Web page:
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dc.contributor.authorMontesi, Laurent G. J.  Concept link
dc.contributor.authorBehn, Mark D.  Concept link
dc.contributor.authorHebert, Laura B.  Concept link
dc.contributor.authorLin, Jian  Concept link
dc.contributor.authorBarry, Jennifer L.  Concept link
dc.date.accessioned2011-11-08T15:59:19Z
dc.date.available2012-04-04T08:32:59Z
dc.date.issued2011-10-04
dc.identifier.citationJournal of Geophysical Research 116 (2011): B10102en_US
dc.identifier.urihttps://hdl.handle.net/1912/4881
dc.descriptionAuthor Posting. © American Geophysical Union, 2011. This article is posted here by permission of American Geophysical Union for personal use, not for redistribution. The definitive version was published in Journal of Geophysical Research 116 (2011): B10102, doi:10.1029/2011JB008259.en_US
dc.description.abstractCrustal thickness variations at the ultraslow spreading 10–16°E region of the Southwest Indian Ridge are used to constrain melt migration processes. In the study area, ridge morphology correlates with the obliquity of the ridge axis with respect to the spreading direction. A long oblique “supersegment”, nearly devoid of magmatism, is flanked at either end by robust magmatic centers (Joseph Mayes Seamount and Narrowgate segment) of much lesser obliquity. Plate-driven mantle flow and temperature structure are calculated in 3-D based on the observed ridge segmentation. Melt extraction is assumed to occur in three steps: (1) vertical migration out of the melting region, (2) focusing along an inclined permeability barrier, and (3) extraction when the melt enters a region shallower than ∼35 km within 5 km of the ridge axis. No crust is predicted in our model along the oblique supersegment. The formation of Joseph Mayes Seamount is consistent with an on-axis melt anomaly induced by the local orthogonal spreading. The crustal thickness anomaly at Narrowgate results from melt extracted at a tectonic damage zone as it travels along the axis toward regions of lesser obliquity. Orthogonal spreading enhances the Narrowgate crustal thickness anomaly but is not necessary for it. The lack of a residual mantle Bouguer gravity high along the oblique supersegment can be explained by deep serpentization of the upper mantle permissible by the thermal structure of this ridge segment. Buoyancy-driven upwelling and/or mantle heterogeneities are not required to explain the extreme focusing of melt in the study area.en_US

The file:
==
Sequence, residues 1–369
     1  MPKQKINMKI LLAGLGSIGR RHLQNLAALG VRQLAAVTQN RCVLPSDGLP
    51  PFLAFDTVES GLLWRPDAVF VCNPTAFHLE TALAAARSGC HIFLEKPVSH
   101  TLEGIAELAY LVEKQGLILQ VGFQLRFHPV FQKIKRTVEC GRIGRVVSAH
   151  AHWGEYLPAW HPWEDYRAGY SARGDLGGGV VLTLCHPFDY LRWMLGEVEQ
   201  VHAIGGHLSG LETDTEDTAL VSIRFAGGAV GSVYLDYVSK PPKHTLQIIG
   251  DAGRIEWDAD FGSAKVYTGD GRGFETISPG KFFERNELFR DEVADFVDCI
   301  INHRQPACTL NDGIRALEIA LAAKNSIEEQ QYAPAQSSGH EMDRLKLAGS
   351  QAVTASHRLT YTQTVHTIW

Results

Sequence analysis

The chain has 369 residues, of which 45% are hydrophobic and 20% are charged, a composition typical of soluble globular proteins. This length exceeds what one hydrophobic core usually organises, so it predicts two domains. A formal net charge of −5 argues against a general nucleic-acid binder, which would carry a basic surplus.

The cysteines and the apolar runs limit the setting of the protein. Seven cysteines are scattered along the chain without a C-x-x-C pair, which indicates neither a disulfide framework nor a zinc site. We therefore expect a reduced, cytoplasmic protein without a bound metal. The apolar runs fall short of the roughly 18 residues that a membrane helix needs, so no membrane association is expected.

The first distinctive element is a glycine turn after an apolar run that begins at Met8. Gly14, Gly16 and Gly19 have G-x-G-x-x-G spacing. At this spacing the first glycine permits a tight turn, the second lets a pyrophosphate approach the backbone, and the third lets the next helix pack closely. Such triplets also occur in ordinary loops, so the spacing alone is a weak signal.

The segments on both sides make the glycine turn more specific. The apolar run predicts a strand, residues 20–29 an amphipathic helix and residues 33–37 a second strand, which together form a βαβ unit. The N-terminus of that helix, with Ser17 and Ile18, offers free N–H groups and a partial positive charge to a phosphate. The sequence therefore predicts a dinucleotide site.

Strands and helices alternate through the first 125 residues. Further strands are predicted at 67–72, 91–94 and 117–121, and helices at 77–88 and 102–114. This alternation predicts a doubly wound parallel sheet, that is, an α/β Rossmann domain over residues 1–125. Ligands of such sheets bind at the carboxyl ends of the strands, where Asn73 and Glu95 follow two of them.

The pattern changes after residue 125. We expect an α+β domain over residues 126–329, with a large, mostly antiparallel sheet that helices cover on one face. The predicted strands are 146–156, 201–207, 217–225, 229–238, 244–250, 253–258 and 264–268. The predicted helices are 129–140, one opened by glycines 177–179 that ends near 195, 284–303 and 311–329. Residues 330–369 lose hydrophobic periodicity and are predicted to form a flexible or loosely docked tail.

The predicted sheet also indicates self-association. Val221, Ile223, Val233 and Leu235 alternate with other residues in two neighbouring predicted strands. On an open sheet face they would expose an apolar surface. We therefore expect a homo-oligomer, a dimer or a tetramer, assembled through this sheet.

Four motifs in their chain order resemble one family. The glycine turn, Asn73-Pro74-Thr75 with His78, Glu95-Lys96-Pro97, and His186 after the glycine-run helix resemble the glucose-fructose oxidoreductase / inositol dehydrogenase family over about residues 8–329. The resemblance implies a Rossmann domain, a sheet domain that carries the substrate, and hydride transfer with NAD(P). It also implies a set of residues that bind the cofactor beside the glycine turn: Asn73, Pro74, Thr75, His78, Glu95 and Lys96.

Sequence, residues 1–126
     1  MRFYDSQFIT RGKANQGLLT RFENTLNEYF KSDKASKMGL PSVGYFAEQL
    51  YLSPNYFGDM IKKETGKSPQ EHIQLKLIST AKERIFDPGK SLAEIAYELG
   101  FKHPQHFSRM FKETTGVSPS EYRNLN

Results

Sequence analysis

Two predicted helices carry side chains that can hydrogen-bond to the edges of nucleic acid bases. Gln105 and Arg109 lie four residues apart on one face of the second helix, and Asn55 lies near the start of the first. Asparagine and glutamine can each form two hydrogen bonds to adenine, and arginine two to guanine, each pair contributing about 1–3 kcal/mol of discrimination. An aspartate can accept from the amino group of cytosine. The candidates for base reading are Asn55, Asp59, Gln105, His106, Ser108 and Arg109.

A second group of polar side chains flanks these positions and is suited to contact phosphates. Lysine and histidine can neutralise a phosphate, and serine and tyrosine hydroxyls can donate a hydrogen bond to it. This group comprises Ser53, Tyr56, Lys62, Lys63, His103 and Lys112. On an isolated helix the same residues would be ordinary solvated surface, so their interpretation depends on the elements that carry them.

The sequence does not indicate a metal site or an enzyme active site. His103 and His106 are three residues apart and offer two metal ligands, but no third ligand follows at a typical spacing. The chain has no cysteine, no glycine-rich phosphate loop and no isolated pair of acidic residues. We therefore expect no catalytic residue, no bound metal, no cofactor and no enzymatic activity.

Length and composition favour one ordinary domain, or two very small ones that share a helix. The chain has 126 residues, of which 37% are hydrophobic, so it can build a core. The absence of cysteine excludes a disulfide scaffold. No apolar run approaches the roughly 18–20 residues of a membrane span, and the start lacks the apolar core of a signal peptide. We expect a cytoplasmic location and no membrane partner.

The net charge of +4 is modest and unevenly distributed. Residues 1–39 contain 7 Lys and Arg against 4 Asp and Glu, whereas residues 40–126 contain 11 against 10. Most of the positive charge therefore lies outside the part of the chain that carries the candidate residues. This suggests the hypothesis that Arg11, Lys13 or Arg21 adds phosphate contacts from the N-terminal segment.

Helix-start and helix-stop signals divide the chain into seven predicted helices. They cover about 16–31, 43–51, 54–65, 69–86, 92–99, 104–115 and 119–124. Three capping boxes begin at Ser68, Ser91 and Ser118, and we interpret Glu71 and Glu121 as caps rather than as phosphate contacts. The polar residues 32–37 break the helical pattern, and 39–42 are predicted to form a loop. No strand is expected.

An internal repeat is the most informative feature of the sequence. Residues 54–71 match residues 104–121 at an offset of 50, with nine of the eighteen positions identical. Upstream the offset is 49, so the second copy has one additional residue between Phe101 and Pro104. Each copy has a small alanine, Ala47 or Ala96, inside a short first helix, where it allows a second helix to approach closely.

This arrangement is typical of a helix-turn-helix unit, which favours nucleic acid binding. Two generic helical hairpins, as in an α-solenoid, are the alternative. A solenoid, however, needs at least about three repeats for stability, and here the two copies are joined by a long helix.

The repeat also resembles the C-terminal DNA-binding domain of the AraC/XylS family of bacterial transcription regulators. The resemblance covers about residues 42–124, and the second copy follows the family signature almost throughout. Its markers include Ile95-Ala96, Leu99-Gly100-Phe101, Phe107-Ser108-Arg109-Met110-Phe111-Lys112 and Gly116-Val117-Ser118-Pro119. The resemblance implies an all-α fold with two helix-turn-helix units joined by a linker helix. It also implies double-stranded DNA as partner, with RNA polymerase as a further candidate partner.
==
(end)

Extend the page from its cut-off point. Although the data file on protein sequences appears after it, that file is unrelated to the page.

dc.description.sponsorshipThis work was supported by grants OCE‐ 0623188 and OCE‐0937277 from the National Science Foundation.en_US
dc.format.mimetypeapplication/pdf
dc.language.isoen_USen_US
dc.publisherAmerican Geophysical Unionen_US
dc.relation.urihttps://doi.org/10.1029/2011JB008259
dc.subjectMid-ocean ridgesen_US
dc.subjectSouthwest Indian Ridgeen_US
dc.subjectCrustal accretionen_US
dc.subjectMelt migrationen_US
dc.subjectSerpentinizationen_US
dc.titleControls on melt migration and extraction at the ultraslow Southwest Indian Ridge 10°–16°Een_US
dc.typeArticleen_US
dc.identifier.doi10.1029/2011JB008259


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